International Tax Review is part of the Delinian Group, Delinian Limited, 4 Bouverie Street, London, EC4Y 8AX, Registered in England & Wales, Company number 00954730
Copyright © Delinian Limited and its affiliated companies 2023

Accessibility | Terms of Use | Privacy Policy | Modern Slavery Statement
Local Insights

Poland watching closely as European Commission initiatives on withholding tax aim at simplification

Sponsored by


Jacek Wojtach of MDDP Poland explains the Polish withholding tax rules and refund procedures, and the issues that could be addressed as the European Commission declares its intention to make legislative changes.

On June 19 2023, the European Commission issued a statement signalling legislative work on simplifying and synchronising members states’ laws on pay and refund withholding tax (WHT) procedures. The commission pointed out numerous bureaucratic obstacles and inconsistencies that enterprises encounter and result in significant losses.

The Polish WHT system fits well into the commission’s observations. Although there are just two basic WHT rates (in general, 19% for dividends and 20% for interest, royalties and intangible services), the system has been made much more complicated in recent years and the practice of the tax authorities makes it difficult to comply with.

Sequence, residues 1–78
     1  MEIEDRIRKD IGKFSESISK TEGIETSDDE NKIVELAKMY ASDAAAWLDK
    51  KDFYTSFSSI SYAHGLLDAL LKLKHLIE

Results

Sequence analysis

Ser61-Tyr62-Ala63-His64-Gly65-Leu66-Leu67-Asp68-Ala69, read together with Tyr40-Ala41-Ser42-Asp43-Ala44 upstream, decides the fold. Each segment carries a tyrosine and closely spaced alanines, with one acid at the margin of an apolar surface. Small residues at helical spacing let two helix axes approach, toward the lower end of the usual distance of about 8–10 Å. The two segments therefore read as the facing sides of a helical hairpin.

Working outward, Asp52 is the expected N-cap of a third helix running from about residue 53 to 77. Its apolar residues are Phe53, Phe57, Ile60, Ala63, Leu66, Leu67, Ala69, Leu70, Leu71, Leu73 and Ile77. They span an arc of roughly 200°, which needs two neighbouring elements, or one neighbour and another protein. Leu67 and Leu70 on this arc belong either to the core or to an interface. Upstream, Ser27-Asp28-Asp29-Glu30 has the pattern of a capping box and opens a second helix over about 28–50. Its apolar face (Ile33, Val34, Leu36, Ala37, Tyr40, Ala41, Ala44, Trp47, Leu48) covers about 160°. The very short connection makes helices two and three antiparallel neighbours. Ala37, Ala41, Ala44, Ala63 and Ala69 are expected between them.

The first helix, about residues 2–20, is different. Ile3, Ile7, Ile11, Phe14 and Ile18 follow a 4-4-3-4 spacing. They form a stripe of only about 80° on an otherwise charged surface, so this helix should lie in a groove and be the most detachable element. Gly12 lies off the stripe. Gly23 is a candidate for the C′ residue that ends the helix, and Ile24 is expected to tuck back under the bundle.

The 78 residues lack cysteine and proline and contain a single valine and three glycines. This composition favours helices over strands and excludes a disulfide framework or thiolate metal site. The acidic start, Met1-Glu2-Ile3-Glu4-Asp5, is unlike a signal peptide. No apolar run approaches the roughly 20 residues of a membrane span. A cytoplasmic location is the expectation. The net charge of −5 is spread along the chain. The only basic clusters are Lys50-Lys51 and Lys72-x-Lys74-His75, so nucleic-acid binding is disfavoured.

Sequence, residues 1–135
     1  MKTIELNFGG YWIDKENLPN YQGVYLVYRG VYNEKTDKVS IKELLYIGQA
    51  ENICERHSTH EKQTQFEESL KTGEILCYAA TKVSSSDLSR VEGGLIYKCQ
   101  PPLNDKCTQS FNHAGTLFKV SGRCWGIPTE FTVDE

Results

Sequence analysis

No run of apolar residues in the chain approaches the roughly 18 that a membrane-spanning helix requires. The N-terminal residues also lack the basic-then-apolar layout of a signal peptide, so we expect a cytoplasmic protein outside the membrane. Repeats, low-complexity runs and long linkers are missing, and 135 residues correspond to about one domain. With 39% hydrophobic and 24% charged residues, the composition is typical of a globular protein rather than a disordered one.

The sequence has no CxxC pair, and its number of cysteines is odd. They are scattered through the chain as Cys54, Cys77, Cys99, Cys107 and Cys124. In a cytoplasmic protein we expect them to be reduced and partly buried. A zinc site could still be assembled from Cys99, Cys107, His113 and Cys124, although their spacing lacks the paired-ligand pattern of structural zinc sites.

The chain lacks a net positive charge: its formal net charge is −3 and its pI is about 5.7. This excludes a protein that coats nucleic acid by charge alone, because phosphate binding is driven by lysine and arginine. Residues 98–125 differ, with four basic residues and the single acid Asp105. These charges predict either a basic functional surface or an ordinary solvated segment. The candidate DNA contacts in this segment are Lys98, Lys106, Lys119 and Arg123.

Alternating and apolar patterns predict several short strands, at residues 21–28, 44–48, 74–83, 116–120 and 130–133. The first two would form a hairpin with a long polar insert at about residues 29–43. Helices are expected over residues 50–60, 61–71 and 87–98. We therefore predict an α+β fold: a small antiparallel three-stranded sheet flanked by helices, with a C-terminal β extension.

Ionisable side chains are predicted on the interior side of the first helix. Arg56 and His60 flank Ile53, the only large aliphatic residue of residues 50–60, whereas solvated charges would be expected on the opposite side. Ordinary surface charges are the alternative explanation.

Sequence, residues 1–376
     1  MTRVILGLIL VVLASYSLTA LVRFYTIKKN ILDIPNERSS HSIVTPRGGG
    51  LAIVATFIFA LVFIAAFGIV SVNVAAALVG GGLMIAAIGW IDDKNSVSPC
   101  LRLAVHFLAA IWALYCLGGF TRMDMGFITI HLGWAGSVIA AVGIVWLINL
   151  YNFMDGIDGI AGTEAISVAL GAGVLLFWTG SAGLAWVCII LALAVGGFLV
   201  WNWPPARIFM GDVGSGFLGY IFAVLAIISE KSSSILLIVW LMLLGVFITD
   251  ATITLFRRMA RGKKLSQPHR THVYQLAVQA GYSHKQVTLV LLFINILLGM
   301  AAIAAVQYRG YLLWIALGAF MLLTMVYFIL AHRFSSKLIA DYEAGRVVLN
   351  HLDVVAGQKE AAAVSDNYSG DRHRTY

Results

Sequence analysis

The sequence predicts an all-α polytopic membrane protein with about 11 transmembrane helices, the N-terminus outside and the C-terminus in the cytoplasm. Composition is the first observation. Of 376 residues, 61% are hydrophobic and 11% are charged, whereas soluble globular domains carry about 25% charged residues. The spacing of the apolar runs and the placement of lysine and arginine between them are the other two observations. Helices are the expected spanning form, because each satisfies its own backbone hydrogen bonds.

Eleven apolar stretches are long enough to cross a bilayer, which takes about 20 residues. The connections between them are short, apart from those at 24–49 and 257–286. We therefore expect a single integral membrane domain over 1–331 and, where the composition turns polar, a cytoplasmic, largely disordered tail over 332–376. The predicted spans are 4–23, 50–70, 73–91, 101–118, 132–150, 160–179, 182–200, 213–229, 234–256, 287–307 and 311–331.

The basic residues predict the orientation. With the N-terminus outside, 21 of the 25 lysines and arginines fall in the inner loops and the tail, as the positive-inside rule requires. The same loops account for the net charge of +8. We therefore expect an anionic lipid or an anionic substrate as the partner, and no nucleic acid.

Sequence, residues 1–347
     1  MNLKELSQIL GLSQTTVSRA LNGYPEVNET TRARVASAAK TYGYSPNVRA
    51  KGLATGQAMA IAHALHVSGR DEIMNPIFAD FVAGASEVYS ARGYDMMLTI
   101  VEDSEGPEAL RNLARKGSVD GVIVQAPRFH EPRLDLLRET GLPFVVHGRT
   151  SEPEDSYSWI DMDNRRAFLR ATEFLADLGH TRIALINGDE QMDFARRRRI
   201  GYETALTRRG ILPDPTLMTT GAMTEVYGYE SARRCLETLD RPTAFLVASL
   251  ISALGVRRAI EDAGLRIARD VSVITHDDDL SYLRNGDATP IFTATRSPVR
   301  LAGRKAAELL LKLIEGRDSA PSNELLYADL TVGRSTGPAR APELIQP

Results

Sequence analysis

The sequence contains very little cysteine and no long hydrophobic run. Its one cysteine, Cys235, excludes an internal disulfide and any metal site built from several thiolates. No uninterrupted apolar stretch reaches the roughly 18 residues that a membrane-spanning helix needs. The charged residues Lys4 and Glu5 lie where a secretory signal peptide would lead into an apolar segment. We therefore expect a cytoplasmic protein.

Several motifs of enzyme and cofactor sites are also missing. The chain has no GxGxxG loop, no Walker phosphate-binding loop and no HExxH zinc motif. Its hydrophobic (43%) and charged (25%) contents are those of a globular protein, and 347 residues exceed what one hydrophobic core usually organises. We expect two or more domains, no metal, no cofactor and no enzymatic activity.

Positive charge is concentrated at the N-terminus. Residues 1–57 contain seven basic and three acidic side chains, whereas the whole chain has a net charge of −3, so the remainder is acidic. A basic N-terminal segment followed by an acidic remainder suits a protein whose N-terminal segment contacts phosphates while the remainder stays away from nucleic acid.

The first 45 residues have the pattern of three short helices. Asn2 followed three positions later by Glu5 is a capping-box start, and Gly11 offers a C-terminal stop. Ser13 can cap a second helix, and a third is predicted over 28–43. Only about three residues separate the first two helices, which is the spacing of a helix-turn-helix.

Complexities of the Polish withholding tax system

Foremost, payments exceeding just PLN 2 million (approximately $500,000) per annum (summed for a particular recipient) – so the threshold is very low – are subject to a pay and refund mechanism. It is applicable to distributions to related entities, other than those of a service origin. In such a case, a basic rule is to first collect tax in the full amount and then a recipient (or, in cases involving a gross-up clause, a WHT remitter) may apply for a refund in a special, six-month-long procedure.

There are two methods to apply for a reduced WHT rate or an exemption at source, to avoid the application of the harsh pay and refund scheme. One requires the submission of a special statement (called a WH-OSC) by a WHT remitter that all the conditions of the WHT exemption/reduced rate are met. Any incorrect information provided in the statement may result in a 10–30% additional WHT fee, and potentially even personal penalties for board members. The other method is to obtain an advance ruling on a WHT exemption/reduced rate issued by the Polish tax authorities. The waiting time for such a ruling is six months.

An advance WHT ruling, a WHT refund procedure and the WH-OSC statement require the gathering of a lot of documentation and evidence, including on the beneficial ownership status of a payment recipient, with its major component being genuine business activity. Any doubts concerning the documentation may cause the tax authorities to ask additional questions and extend the deadlines for refunding WHT or issuing an advance ruling. Thus, it is of great importance to collect in advance all the necessary information, questionnaires, etc.

There is only one tax office and one appeal court (both in Lublin) to cater for the withholding tax issues of corporate income taxpayers. This causes an overload of work and an extension of the timelines for obtaining WHT rulings or refunds (in practice, it is closer to a year than half a year). Also, once an interpretation of the laws that is negative for enterprises is established, it can be overruled only at the stage of Supreme Administrative Court, which may take another 1–3 years.